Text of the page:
The Katrina Moment: Rethinking Disaster with Black Geographies
Caldwell, Kela E.
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Prelude: I spent two years working in homeless services in Los Angeles after graduating from college in 2016, matching unhoused individuals to long-term housing opportunities, supporting outreach, case conferencing, and community planning. Working in the field, I quickly became aware of the precarious nature of citizenship. For example, I learned that without proof of a state ID card or driver’s license in the state of California, one is ineligible for social services and public housing opportunities. Never had I considered how critical a small piece of plastic was for one’s survival or the ways it might serve as a barrier to rights and citizenship. With this understanding, I worked to pilot a resource event to address this barrier by helping clients apply for ID cards. Through the event, I met a young woman from New Orleans, whom I will refer to as Céline. As I helped her fill out the application for a new California ID, she shared her journey and experiences of homelessness. I was surprised when I learned she had most recently relocated from Houston, Texas. Céline’s story represented one of many who had experienced multiple bouts of displacement and homelessness. In her case, from New Orleans to Houston after Hurricane Katrina and then from Houston to California following Hurricane Harvey. Seemingly separate local events, Céline’s experience illustrates the long-term and protracted impact of disaster and vulnerability for an individual over time and space.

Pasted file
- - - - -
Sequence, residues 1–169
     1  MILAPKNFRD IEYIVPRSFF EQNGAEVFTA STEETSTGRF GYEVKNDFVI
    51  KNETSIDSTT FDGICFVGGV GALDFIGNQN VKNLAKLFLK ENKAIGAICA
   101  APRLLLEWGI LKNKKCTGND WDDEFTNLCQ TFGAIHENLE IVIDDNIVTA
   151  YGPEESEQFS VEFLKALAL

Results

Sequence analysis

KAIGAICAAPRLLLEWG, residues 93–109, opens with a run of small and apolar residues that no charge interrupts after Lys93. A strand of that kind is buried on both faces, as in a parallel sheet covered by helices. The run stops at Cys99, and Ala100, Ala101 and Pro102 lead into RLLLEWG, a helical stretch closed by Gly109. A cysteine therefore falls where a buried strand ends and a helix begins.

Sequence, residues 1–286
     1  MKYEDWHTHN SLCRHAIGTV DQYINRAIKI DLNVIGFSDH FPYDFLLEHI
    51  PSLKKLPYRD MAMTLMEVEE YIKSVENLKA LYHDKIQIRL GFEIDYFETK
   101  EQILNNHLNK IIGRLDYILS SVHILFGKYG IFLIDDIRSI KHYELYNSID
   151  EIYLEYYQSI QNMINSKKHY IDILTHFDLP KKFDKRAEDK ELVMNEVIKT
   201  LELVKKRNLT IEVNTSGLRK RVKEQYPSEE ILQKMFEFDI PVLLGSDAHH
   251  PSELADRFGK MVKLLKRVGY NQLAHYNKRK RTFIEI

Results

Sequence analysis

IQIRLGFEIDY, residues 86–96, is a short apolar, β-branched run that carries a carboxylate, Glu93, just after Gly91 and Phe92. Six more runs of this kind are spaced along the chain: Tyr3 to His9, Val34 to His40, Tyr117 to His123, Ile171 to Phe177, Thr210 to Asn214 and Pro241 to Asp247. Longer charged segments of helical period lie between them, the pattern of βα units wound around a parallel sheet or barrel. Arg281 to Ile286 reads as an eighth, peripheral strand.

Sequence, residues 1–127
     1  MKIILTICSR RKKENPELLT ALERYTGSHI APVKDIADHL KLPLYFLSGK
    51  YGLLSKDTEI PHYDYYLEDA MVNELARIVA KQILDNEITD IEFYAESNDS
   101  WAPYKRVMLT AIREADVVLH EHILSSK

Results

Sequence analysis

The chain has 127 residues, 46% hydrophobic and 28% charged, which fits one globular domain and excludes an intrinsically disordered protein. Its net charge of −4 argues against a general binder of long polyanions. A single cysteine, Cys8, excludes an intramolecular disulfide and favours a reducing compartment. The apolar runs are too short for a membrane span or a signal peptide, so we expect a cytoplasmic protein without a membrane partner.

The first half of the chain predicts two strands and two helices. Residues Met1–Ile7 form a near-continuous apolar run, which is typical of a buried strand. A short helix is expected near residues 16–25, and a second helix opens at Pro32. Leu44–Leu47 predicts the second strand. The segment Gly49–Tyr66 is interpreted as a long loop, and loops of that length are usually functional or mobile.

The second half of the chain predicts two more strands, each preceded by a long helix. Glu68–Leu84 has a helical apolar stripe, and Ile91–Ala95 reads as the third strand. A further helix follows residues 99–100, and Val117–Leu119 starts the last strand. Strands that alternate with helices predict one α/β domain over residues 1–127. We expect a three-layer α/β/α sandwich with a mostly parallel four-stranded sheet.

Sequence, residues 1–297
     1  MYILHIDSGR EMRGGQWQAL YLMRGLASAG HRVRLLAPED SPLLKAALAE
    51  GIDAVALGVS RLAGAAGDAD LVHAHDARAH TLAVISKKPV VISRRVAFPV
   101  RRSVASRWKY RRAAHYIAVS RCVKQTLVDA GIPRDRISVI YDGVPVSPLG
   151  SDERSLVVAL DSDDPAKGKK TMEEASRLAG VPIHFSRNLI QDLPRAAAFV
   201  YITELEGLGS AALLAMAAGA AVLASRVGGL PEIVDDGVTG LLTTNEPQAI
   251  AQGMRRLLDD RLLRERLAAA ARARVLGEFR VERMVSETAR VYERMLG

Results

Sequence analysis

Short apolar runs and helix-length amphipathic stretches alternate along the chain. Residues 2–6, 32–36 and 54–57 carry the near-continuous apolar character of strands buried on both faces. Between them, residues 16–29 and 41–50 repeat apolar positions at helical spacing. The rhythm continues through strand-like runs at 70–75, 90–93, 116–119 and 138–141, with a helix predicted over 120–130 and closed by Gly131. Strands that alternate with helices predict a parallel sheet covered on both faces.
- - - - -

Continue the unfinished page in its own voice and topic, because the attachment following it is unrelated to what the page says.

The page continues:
Advisors and Committee Members: Jenna Loyd, Venkat Mani and Matt Turner. Includes References.